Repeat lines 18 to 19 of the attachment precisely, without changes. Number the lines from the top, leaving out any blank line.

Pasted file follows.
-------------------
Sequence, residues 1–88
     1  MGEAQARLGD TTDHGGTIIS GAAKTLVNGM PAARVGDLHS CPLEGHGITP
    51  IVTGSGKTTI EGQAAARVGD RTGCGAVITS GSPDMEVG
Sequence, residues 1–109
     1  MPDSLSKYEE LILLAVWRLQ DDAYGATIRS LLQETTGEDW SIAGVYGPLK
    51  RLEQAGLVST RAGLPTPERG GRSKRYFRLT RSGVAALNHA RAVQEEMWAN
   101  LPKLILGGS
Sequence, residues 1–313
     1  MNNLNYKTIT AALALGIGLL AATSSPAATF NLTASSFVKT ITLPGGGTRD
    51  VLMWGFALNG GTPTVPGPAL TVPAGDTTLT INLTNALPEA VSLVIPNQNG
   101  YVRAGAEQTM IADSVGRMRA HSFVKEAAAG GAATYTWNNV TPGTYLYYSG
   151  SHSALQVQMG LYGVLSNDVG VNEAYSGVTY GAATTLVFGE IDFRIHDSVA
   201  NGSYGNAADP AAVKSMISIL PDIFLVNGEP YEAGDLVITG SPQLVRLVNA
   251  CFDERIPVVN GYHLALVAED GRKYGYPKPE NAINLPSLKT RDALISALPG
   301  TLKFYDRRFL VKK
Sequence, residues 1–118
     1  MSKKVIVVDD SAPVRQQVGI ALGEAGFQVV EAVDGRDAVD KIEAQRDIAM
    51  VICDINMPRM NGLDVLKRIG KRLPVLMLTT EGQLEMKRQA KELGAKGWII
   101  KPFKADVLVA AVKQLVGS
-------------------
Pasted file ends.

    51  VICDINMPRM NGLDVLKRIG KRLPVLMLTT EGQLEMKRQA KELGAKGWII
   101  KPFKADVLVA AVKQLVGS